The image on the cover of this second issue of JOLCEL shows a detail from the so-called Franks Casket, an early eight-century Anglo-Saxon chest made out of whale’s bone, possibly designed to hold a psalter. This artefact constitutes a truly breath-taking nexus of cultural traditions, juxtaposing tableaus as varied as Romulus and Remus being suckled by the shewolf, the mythical Germanic Wayland the Smith at work on his anvil, and the Adoration of the Magi. The scene which has been reproduced here depicts the consequences of the Roman emperor Titus’ sacking of the city of Jerusalem. The inscription in the upper righthand margin starts out in the Latin tongue and script: “hic fugiant hierusalim” (“Here flee from Jerusalem…”). This phrase is then continued vertically, still in Latin but rendered in Anglo-Saxon runes: “ᚪᚠᛁᛏᚪᛏᚩᚱᛖᛋ,” which can be transcribed as “(h)abitatores” (“…its inhabitants”). If we also were to take a look at the left side of this panel (not included here), we would encounter further runic inscriptions in Anglo-Saxon that describe the ancient siege itself. Clearly, Latin and its cultural past are being represented here as being part of a larger and more complex whole, a whole in which, at first sight, they do not even seem to occupy a central position.
This leads us to the present volume’s overarching topic, ‘Latin on the margins’, which has its earliest origins in the Telling Tales Out of School-conference organised by RELICS in 2017. It might come as a surprise to the reader that, only having arrived at our second issue, we turn to the aspect of Latin on the margins. However, by placing these topics at the centre of our journal, and in dialogue with texts that are traditionally considered key texts of the Latin tradition, we seek to reconsider the aspect of centre versus margin in Latin literature, with a particular focus on how education in Latin played a crucial role in this.
Indeed, the three articles we present to the reader in this issue deal with texts that are generally viewed as examples of the use of Latin in the margins. The margins in question are either geographical ones (Tlatelolco in Mexico City) or chronological ones (nineteenthcentury Sweden). This issue hopes to show that what we have come to define as ‘marginal’ is only a question of perspective. In the formation of writers that we consider today to be at the margin of the Latin tradition, Latin education still was—or had recently become—a central element.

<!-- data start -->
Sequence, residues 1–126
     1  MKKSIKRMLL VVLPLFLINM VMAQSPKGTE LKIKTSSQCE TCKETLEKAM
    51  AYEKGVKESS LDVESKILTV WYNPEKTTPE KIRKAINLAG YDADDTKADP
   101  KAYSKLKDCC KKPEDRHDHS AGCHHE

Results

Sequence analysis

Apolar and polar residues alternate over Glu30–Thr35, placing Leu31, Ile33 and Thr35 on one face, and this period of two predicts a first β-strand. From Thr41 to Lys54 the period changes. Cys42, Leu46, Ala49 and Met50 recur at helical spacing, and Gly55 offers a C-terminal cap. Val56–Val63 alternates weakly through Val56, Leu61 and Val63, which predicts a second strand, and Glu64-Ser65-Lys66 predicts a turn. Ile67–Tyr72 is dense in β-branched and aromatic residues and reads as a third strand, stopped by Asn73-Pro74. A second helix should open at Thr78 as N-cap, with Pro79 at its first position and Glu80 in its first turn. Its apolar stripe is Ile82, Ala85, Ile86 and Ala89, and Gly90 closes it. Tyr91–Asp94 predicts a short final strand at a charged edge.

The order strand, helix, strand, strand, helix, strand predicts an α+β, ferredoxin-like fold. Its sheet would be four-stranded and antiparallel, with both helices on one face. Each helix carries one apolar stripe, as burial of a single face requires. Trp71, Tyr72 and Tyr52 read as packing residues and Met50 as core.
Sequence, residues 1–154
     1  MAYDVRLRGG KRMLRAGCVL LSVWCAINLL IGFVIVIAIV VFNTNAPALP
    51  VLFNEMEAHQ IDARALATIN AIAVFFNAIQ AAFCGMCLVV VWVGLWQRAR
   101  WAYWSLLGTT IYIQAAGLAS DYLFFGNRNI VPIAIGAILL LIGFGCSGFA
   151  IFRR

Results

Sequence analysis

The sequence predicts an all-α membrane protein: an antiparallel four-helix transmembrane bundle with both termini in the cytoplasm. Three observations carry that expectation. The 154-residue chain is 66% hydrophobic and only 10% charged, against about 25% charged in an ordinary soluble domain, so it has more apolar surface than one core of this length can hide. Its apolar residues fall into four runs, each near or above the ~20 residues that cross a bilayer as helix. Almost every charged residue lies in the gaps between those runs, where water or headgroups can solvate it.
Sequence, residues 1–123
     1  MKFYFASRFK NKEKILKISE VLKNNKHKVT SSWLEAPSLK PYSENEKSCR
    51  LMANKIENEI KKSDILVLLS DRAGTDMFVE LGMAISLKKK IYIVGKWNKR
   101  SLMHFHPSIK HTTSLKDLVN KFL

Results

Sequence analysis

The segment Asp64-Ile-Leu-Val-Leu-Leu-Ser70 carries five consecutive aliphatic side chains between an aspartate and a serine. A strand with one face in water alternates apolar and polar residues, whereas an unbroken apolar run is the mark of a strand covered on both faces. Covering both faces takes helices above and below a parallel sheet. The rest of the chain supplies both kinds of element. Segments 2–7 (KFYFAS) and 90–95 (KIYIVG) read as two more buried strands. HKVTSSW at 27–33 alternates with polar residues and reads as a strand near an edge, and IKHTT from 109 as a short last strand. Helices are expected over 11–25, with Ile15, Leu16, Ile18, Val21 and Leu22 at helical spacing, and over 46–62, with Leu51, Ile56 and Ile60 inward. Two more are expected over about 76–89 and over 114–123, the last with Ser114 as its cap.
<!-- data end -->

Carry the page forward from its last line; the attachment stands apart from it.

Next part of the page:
Andrew Laird (Brown University) and Heréndira Tellez Nieto (Cátedras Conacyt), in their respective articles, draw attention to the College of Tlatelolco, located in Mexico City. The use of Latin for the instruction of the Nahua peoples was never regarded as a ‘marginal’ phenomenon; on the contrary, Latin was a crucial medium to enhance mutual understanding, which in turn created a new and vibrant dynamic, far from Europe. This explains how Tlatelolco became a new centre for the study of the Latin language and its literatures, in interaction with the indigenous traditions of native Mexicans.
Chronologically and geographically, nineteenth-century Sweden is, undoubtedly, at the margin of the Latin tradition; but, as Arsenii Vetushko-Kalevich (Lund University) explores in his article, for someone like Carl Georg Brunius, author of the longest Latin poem ever written in Sweden, the attempt to rewrite Nordic mythology in classical Latin hexameters probably felt more like a natural reflex than as an anachronism. By reinterpreting the classical echoes in the epic De diis arctois as more than mere “metrical necessities,” Vetushko-Kalevich seeks to give new meaning to the poem.
Finally, in his illuminative response to the articles of this issue, Alejandro Coroleu (ICREA—Universitat Autònoma de Barcelona) reflects more deeply on the consequences of this thinking in terms of what he calls “beyond Europe, beyond the Renaissance, and beyond the vernacular.” He makes a plea for the inclusion of these texts that are usually left out of the picture, in order to get a better insight in the aspects which make the Latin tradition a cosmopolitan one.
The second issue of JOLCEL focuses on texts from the (early) modern period, but intentionally goes beyond those of the Italian humanist ideals. The articles analyse the use of Latin in contexts where the idea of translatio imperii is at first sight no longer a logical one: the Latin tradition has to impose itself on already existing traditions, such as the Nahua mythology or Nordic sagas. Interestingly, this imposition soon shifts to a renegotiation of the hierarchy of traditions. Latin, then, becomes a medium in which new traditions emerge.
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